Science is just as tribal as any other group that forms around an accepted genealogy of technical equipment, accepted standards of truth, a shared mathematical language, supported by a material base of resources and financing, including journals and conferences. The sociology of science is not somehow different from that of any other group.

      • Jarhead0369

        Science as a whole may share the so called “scientific method”, but what makes it a human activity is the same petty scramble for power, money, and prestige as any other group. That is your sociology of science. You can’t be members of a tribe simply by sharing a discipline or Ayn Rand, Karl Marx, John Maynard Keynes, and Murray Rothbard could all be classified as members of the same tribe.

        • Glen_S_McGhee_FHEAP

          Science is, as you say, a human activity, with “the same petty scramble for power, money, and prestige as any other group” — well put!

          The question of who is a member of a tribe, and who is not, is relative because it depends on the observer. The location of the observer, the status of the observer and how binding their observations are for others — this is what makes a difference. (Stephan Fuchs 2001) Tribes themselves can count as observers, observing other tribes and being themselves observed by other tribes.

          As a result, what counts as membership in a tribe depends on the location of the observer and the tribe they belong to. There is no view from “nowhere” because observers are spread out in arrays of social networks, always part of one social network or another.

          One tribe’s science can be another tribe’s fakery and falsehood, especially when that tribe is observed centuries later, or across a cultural chasm.

  • Glen_S_McGhee_FHEAP

    Thanks, Clay.

    Your opening comments are supported by a recent book by Steven Sloman and Philip Fernbach, “THE KNOWLEDGE ILLUSION : Why We Never Think Alone.”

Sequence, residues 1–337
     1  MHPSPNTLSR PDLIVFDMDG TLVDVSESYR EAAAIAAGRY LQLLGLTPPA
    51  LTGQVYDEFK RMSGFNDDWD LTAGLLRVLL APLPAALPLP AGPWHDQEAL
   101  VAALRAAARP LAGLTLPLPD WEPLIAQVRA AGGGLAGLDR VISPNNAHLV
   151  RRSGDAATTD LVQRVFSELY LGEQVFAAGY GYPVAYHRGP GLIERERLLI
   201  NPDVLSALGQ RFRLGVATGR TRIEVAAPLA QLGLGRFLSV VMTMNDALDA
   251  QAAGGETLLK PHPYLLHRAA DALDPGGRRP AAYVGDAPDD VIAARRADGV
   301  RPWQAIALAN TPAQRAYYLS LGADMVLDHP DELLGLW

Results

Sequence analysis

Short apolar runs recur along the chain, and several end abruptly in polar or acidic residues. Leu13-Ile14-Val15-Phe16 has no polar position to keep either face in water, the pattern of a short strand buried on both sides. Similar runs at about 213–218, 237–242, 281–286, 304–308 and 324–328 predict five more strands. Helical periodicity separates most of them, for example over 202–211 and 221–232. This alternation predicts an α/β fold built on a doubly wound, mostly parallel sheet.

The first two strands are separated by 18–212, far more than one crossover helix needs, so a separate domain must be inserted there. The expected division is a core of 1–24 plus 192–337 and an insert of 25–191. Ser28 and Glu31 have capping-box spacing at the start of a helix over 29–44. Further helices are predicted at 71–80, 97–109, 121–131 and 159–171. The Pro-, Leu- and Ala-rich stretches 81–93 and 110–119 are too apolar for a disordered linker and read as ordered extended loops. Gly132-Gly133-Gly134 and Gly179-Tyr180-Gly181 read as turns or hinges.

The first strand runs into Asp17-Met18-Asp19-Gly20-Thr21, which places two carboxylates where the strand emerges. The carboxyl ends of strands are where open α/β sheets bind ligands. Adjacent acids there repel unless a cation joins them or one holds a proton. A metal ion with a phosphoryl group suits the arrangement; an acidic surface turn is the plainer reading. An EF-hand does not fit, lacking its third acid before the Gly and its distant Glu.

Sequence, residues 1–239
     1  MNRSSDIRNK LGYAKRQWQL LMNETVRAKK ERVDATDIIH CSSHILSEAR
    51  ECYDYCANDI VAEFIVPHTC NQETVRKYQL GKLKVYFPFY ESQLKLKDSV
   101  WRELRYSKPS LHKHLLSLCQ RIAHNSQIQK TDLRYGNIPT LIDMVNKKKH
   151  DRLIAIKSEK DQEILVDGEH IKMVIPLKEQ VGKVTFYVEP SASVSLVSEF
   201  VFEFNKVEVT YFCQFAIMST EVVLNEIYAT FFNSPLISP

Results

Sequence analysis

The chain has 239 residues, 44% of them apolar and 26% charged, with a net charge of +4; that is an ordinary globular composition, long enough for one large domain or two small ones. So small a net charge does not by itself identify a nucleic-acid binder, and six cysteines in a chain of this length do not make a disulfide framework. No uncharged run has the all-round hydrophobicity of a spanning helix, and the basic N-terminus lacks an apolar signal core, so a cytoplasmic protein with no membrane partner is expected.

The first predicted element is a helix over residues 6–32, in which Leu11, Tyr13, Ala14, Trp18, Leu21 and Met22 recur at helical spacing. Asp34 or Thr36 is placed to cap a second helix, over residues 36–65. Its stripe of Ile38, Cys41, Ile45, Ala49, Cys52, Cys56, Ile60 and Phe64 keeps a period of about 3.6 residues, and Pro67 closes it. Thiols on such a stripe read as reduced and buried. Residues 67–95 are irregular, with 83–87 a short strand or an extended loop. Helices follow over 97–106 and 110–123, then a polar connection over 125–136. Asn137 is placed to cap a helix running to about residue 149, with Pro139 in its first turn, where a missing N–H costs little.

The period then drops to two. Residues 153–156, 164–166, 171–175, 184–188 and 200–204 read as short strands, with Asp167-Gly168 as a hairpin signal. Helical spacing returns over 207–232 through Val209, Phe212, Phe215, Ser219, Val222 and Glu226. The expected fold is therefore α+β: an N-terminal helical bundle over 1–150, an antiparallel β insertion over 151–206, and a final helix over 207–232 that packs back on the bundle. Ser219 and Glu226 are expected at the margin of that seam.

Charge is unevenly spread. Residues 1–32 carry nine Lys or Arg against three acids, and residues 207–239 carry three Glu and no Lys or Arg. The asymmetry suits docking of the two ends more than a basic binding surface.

A book review by Yuval Harari echoes much of what you say: “while our emotions and heuristics were perhaps suitable for dealing with the African savanna in the Stone Age, they are woefully inadequate for dealing with the urban jungle of the silicon age.”

    The book shows how far cognitive psychology has advanced in the past couple decades — confirming what cognitive sociology has already known for perhaps one hundred years: that homo sapiens think in groups.

    Consequently, the idea that science is not a social club or a tribe is erroneous. The parameters of how humans think (never alone) are not suddenly abrogated by any single group, but continues to apply to all collectives.

    “Rather, we think in groups. Just as it takes a tribe to raise a child, it also takes a tribe to invent a tool, solve a conflict or cure a disease. No individual knows everything it takes to build a cathedral, an atom bomb or an aircraft. What gave Homo sapiens an edge over all other animals and turned us into the masters of the planet was not our individual rationality, but our unparalleled ability to think together in large groups.”

    Here is what is especially relevant:
    “Indeed, scientists who believe that facts can change public opinion may themselves be the victims of scientific groupthink. The scientific community believes in the efficacy of facts, hence those loyal to *that* community continue to believe they can win public debates by marshaling the right facts, despite much empirical evidence to the contrary.”

    Ludwik Fleck (Genesis and Development of Scientific Fact, 1935) described this sociologically, and his ideas were later revived by Thomas Kuhn (The Structure of Scientific Revolutions, 1962, 1970). All this and much more is included in the “sociology of scientific knowledge”, an immense branch of sociology, applied to science and scientific thought. Nothing about science exempts it from the limits and constraints of collective experience. (Ask any scientist.)